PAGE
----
Chrome dino – from Cretaceous period to modern browser

Chrome dinoDo you use the Chrome browser? Ever found a dinosaur, then? Never hear of the ‘dino’? Well, it’s been around for 4 years now. This T-Rex is friendly & keeps you company when you have lost your Internet connection.

Chrome UX engineer Edward Jung (& his team) on occasion of the 10th anniversary of Chrome recently, spoke on what was the motivation behind Chrome’s offline Dino game.

The hidden game shows itself on the new tab page when Chrome users find themselves offline — press the spacebar,& the dino turns into a runner game.

The Chrome Design team — Edward, as well as Sebastien Gabriel & Alan Bettes spoke of the dinosaur’s journey from the Cretaceous period to the modern browser.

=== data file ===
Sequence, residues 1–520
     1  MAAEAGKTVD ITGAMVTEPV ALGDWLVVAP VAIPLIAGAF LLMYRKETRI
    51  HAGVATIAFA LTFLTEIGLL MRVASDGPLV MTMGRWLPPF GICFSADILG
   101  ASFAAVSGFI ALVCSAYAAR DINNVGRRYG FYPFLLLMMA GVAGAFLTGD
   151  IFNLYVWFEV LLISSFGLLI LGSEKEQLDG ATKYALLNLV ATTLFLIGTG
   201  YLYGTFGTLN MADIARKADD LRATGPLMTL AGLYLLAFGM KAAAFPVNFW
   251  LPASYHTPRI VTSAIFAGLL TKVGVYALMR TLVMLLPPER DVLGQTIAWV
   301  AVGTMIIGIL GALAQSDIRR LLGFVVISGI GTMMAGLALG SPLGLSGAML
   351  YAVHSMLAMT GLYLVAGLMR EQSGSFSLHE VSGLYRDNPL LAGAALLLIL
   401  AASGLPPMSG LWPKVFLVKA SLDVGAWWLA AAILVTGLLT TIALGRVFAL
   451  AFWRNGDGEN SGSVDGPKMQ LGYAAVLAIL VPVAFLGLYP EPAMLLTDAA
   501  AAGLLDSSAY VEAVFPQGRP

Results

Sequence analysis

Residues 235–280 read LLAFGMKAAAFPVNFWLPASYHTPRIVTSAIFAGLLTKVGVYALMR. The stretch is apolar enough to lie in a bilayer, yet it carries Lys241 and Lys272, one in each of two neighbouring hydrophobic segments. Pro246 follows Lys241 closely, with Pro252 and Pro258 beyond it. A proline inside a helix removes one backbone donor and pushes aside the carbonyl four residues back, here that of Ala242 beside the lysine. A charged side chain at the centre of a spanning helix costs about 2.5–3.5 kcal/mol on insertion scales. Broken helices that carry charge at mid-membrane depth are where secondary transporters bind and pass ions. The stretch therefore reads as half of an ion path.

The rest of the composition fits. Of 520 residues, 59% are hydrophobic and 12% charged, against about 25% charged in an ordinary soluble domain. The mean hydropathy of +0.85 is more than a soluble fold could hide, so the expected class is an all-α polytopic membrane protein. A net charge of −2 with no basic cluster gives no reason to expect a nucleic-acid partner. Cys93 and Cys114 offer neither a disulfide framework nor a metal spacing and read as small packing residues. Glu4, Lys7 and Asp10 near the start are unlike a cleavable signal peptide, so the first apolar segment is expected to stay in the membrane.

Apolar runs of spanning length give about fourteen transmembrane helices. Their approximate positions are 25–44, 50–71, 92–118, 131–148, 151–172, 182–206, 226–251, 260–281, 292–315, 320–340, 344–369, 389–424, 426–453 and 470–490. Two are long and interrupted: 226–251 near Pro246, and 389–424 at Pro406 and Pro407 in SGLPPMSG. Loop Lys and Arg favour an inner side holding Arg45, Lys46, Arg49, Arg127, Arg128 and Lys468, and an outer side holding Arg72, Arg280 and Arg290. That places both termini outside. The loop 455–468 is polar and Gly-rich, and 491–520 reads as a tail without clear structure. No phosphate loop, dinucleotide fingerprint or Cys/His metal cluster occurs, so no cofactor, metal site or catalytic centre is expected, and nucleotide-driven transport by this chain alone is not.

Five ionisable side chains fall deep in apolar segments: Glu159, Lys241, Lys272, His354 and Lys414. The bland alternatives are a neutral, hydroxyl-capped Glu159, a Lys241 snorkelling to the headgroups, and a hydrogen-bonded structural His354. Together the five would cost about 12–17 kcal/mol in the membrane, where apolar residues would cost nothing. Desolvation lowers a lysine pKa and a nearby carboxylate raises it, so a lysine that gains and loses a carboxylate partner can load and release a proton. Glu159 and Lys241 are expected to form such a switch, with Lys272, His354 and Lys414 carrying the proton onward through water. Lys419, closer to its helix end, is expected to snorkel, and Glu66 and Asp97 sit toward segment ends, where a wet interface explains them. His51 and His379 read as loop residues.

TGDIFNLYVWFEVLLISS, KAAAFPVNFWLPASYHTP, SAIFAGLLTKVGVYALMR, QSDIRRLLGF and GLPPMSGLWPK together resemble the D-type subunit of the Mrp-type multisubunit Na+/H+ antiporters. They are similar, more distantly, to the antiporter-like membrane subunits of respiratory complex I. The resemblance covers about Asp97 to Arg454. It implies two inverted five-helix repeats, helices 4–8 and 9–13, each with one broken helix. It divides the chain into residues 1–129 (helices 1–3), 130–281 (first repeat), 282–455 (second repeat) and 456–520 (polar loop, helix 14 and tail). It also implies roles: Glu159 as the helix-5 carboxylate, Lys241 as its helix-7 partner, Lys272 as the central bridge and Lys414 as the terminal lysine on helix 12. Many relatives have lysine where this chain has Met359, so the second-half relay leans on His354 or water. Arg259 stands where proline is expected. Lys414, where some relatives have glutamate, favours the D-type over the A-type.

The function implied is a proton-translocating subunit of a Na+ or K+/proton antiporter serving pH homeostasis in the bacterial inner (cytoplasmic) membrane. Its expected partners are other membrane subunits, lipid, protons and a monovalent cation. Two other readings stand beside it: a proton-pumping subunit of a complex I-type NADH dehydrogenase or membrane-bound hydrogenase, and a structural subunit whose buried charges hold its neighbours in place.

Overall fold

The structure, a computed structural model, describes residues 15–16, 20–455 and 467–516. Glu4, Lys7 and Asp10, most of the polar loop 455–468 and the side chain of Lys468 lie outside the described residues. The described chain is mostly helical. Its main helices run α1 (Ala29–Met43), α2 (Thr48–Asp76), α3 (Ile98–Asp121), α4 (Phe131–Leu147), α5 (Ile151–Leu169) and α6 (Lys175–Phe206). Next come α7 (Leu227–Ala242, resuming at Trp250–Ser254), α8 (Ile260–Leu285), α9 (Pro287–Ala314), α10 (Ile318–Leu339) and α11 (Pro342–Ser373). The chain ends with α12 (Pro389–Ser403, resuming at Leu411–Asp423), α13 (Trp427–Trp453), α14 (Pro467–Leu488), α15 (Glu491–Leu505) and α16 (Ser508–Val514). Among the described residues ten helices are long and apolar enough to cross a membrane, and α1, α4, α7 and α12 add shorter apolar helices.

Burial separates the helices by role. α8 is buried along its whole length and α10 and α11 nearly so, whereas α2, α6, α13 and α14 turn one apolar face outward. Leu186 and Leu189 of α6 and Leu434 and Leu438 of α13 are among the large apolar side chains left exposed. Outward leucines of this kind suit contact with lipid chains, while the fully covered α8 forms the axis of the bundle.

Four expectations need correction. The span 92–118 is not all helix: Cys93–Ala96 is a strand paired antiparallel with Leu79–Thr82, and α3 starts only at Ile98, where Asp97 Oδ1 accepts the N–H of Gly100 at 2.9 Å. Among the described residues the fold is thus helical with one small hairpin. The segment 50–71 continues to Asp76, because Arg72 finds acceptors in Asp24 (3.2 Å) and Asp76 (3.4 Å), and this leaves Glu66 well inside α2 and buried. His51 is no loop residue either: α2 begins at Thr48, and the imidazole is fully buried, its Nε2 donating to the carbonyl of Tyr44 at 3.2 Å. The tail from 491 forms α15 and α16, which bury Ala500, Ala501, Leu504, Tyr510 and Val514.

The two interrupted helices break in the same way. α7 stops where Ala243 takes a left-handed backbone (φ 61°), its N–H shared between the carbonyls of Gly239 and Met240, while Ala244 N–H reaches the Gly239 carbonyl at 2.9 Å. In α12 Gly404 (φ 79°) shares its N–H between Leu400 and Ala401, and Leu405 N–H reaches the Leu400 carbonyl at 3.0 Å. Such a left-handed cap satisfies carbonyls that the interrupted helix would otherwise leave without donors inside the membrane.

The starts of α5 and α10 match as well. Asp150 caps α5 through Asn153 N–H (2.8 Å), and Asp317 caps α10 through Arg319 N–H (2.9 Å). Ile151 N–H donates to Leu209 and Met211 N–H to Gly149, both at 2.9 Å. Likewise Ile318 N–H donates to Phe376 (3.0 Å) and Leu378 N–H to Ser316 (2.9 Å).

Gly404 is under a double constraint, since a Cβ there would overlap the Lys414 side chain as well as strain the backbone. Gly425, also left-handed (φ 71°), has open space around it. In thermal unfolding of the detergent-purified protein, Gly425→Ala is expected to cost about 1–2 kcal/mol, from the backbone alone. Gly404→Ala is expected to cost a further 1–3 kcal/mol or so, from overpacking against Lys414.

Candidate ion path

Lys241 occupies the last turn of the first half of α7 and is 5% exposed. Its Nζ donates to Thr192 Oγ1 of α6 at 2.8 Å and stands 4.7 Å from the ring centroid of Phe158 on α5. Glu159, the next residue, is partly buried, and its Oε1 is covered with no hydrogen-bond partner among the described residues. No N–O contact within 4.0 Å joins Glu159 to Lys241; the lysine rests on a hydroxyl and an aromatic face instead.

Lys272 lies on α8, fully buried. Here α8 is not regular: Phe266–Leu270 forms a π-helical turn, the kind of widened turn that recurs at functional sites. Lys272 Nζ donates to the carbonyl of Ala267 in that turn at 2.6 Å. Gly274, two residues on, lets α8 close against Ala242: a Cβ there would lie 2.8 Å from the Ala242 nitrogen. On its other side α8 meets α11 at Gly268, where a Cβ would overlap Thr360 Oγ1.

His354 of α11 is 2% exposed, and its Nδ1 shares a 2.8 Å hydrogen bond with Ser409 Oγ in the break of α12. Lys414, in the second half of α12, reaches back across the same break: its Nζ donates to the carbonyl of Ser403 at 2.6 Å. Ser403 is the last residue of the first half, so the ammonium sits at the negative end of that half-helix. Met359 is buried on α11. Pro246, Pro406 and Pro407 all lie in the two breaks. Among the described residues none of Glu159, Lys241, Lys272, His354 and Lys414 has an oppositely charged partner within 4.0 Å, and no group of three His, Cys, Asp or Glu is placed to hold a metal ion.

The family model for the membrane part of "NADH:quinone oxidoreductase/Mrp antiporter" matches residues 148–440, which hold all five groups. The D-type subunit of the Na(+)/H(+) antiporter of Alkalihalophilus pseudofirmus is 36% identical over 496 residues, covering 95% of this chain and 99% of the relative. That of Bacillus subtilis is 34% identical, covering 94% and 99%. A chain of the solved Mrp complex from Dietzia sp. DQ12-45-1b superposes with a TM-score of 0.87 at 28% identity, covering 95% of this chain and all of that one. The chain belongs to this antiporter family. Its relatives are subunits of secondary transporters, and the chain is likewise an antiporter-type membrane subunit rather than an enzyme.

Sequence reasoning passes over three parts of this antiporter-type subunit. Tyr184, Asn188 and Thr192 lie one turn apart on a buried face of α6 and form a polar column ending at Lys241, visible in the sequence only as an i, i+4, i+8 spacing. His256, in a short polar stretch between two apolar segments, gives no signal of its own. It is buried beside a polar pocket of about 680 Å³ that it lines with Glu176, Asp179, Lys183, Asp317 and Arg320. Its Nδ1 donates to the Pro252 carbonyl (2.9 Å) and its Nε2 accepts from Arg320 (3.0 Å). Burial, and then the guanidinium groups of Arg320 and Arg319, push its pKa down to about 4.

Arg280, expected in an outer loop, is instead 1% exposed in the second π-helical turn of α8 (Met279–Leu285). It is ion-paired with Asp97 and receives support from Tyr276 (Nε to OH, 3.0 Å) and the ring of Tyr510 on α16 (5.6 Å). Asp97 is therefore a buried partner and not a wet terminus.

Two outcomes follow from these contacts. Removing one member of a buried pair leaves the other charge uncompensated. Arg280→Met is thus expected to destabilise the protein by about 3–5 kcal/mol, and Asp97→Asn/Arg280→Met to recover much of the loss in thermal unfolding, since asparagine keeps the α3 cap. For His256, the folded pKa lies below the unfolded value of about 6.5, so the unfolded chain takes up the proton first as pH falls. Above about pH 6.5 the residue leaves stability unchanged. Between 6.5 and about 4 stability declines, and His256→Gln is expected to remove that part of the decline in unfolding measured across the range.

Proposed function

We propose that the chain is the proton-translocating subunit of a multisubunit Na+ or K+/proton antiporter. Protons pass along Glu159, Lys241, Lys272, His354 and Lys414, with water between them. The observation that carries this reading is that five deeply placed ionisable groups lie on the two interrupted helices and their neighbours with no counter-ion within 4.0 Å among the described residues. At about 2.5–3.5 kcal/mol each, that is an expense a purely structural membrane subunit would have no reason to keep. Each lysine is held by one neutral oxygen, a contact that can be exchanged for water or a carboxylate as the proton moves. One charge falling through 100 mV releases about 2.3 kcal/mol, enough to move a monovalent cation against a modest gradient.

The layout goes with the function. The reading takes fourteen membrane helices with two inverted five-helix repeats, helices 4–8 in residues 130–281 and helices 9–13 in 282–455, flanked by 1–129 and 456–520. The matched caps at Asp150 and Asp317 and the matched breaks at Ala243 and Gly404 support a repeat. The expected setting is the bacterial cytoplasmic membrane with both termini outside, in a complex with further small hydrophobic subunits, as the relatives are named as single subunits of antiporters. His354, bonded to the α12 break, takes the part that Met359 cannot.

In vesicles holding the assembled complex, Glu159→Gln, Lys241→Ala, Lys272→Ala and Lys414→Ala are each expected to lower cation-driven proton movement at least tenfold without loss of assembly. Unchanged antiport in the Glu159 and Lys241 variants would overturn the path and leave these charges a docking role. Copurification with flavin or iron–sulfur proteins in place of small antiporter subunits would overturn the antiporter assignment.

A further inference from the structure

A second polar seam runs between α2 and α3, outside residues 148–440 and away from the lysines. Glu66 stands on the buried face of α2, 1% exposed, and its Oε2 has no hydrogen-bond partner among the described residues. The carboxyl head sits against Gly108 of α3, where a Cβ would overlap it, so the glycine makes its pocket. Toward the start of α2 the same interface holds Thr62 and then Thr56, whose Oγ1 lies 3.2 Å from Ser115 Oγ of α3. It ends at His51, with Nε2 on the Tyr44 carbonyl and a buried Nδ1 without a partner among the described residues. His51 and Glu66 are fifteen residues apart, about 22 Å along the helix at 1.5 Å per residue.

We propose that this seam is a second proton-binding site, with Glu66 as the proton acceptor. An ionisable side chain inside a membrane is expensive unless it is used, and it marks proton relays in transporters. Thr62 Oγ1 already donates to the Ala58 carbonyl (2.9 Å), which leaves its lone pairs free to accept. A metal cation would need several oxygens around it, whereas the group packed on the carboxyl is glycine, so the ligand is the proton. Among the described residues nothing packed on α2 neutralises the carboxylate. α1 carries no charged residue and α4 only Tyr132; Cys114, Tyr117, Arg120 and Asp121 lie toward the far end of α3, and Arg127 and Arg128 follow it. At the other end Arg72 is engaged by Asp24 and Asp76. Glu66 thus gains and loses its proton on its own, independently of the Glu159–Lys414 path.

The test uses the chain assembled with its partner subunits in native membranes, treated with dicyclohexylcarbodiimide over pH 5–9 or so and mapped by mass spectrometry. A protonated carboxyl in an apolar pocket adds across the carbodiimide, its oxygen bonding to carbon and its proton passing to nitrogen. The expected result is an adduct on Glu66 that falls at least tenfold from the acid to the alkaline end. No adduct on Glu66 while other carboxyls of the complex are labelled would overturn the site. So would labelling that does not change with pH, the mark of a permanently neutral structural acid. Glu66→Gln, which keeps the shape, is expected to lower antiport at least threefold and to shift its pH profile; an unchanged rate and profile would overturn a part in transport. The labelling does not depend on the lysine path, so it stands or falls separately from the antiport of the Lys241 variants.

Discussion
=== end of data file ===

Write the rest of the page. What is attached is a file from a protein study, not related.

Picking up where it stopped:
Here are the excerpts:

How did you come up with the idea of running T-Rex?

Sebastien: The idea of “an endless runner” as an easter egg within the “you-are-offline” page was born in early 2014. It’s a play on going back to the “prehistoric age” when you had no Wi‑Fi. The cacti and desert setting were part of the first iteration of the “you-are-offline” page, while the visual style is a nod to our tradition of pixel-art style in Chrome’s error illustrations.

We can imagine that the Chrome Dino got quite popular.

Edward: Yes! There are currently 270 million games played every month, both on laptop and mobile. Not surprisingly, most users come from markets with unreliable or expensive mobile data, like India, Brazil, Mexico, or Indonesia.

It also got to the point where we had to give enterprise admins a way to disable the game because school kids—and even adults who were supposed to be working—really got into it.

Sebastien: We also created the chrome://dino URL, where folks can play the game without going offline. The page offers an “arcade mode” so players can train for the best results in a full-window experience.

Click here to read the rest of the interview.

Image Credit: Google